Freelance Product Managers in: Enterprises

In this mini-series, we’ll look at utilization of freelance product managers in different environments; when it makes sense, and — yes, also when it makes less sense. 

This week: Enterprise-size companies (i.e. 1000+ employees).

But they don’t need to be sitting in the same room, of course. Photo by Alex Kotliarskyi on Unsplash

Freelancing in Enterprises — A Big Challenge

Given that enterprise-size companies are large and powerful, but also slow and inert operations, freelancers are quite frequently brought in for various purposes — and at various levels, be it building/reshaping a line of business’ entire product strategy/organization, or bringing in an interim product manager to get delivery work done.

Unfortunately seems like Unsplash was fresh out of images of “Get Sh*t Done” mugs, so this will need to do. Photo by Kyle Glenn on Unsplash

So, are freelancers the backbone of the enterprise economy? 

No, employees are.

Freelancers are the back massage tool that loosens your stiff back.

Also, a good amount of massage therapists are actually freelancers. Photo by Toa Heftiba on Unsplash

A Complex Environment

At companies that employ a four- to six-digit amount of people, put simply  a lot of stuff happens, constantly. And it’s usually highly intertwined.

“So, here’s a chart of our reporting structure…” Photo by Paul Teysen on Unsplash

This also includes people joining, people leaving, people getting promoted, people switching departments — and especially with usually rather slow hiring processes, freelancers are frequently the only way for enterprises to fill gaps.

Drivers for Innovation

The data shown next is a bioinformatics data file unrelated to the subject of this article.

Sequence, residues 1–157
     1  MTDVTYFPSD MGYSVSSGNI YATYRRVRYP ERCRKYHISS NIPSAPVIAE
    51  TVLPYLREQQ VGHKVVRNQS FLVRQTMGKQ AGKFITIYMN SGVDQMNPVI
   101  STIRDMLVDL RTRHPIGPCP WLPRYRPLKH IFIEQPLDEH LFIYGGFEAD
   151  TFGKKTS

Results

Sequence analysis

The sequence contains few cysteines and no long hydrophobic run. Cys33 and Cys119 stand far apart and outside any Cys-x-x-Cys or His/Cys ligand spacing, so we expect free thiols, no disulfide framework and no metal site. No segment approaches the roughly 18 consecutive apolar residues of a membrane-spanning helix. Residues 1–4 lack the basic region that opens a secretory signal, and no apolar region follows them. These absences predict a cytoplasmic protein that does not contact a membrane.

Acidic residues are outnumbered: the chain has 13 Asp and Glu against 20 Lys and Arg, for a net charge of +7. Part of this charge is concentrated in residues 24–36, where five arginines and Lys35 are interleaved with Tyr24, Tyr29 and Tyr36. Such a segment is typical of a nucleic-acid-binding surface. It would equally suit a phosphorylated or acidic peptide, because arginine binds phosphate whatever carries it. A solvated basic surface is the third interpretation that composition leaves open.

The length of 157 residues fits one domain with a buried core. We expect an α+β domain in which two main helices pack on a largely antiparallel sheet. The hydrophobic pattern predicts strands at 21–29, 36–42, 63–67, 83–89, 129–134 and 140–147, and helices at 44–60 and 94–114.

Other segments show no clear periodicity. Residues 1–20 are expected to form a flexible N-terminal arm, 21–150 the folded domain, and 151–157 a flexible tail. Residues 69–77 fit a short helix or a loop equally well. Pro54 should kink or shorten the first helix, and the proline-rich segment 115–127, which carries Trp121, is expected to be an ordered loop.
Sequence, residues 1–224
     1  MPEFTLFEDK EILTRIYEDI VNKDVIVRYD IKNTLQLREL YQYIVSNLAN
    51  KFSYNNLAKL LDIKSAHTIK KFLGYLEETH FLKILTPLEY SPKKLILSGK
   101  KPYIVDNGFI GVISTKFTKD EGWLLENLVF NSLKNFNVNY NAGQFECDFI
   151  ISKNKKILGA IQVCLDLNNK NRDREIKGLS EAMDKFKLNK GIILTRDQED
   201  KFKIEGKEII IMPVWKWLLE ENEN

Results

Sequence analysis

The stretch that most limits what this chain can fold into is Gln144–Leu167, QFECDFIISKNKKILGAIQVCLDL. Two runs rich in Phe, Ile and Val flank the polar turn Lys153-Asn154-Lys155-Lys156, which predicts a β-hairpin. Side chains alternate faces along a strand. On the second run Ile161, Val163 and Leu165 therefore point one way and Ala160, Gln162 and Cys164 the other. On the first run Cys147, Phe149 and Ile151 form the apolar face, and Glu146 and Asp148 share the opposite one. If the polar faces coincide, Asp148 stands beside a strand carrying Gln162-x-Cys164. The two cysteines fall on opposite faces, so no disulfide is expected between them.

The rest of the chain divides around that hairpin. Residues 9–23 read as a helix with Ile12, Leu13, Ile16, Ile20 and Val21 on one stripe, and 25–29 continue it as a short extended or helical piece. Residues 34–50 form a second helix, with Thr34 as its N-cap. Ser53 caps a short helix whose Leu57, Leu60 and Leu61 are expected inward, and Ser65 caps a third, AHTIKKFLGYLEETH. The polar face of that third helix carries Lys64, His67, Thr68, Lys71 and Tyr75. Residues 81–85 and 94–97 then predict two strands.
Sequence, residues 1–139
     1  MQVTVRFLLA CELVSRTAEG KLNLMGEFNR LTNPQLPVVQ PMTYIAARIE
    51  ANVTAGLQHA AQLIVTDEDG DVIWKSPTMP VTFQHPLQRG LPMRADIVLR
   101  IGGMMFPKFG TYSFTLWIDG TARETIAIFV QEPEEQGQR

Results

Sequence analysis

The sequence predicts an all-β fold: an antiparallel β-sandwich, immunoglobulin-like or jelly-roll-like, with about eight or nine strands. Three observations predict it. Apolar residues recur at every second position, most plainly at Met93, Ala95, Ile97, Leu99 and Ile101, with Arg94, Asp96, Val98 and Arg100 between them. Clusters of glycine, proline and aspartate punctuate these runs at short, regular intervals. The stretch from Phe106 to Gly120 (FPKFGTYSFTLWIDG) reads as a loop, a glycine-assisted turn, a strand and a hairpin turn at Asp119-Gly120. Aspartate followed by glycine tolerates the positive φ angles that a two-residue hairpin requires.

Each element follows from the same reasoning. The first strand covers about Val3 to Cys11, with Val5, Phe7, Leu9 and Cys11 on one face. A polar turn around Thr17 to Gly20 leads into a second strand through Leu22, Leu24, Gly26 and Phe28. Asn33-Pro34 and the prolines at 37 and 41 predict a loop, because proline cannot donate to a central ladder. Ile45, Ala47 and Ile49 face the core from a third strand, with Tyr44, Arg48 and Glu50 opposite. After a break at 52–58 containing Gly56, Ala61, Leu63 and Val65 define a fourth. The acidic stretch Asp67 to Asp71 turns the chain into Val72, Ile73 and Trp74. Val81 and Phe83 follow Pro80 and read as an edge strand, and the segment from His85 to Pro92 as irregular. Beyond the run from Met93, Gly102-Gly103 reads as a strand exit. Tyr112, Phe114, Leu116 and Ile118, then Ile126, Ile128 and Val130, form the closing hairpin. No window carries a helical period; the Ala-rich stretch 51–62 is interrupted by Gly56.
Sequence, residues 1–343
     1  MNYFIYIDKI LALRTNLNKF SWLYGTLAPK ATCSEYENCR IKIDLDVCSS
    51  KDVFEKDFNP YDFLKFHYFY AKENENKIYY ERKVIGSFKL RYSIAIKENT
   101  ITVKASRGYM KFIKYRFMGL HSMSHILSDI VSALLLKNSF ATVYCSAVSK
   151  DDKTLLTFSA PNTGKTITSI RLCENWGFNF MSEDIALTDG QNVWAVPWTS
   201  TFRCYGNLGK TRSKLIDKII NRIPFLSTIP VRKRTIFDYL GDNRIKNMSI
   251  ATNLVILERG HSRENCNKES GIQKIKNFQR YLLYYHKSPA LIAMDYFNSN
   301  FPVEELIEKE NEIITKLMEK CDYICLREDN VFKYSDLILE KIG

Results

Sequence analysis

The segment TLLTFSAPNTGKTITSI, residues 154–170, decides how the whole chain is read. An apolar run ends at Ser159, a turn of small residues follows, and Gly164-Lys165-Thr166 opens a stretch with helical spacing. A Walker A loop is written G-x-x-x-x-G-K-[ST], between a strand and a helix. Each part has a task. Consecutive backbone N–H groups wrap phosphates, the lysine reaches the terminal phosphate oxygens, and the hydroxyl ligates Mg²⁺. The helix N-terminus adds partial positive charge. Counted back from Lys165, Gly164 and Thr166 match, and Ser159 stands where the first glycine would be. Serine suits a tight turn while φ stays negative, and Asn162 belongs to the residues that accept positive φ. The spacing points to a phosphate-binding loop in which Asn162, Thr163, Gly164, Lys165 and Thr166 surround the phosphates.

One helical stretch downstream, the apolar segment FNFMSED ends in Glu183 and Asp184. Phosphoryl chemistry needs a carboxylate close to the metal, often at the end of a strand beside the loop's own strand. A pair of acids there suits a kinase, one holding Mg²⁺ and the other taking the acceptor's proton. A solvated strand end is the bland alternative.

But this isn’t the only potential purpose freelancers may serve in enterprises; their superpower is innovation.

Oof. Photo by Riccardo Annandale on Unsplash

Are you saying employees can’t be innovative?

Don’t cancel me just yet (please):

Of course, on-staff people can also have great ideas, and may push for innovation.

But — as counterintuitive as this may sound, innovative ideas (sometimes the exact same ones) are usually better received by “someone external”.

The reason’s rather basic communication psychology, and is similar to why people need mediators, and psychiatrists, and scrum masters: the sender-message-channel-receiver model.

With enterprises resembling the populations of small to mid-sized cities, that population — although usually less diverse in comparison — has a huge range of social intricacies:

  • Some people…just don’t like each other.
  • Some like each other too much to be impartial in situations where they need to be.
  • Some are jealous.
  • Some are disrespectful.
  • Some are protective.
  • And most of them stick to their cohort, meaning that they associate most closely with similar peers.
Gang gang. Photo by JAYAKODY ANTHANAS on Unsplash

As an on-staff product manager, it’s important to procure and introduce to innovative ideas. And it’s even more important to actually put those ideas into action — but if some decider doesn’t like you, or you don’t belong to an influencer’s close peers, you’re out of luck.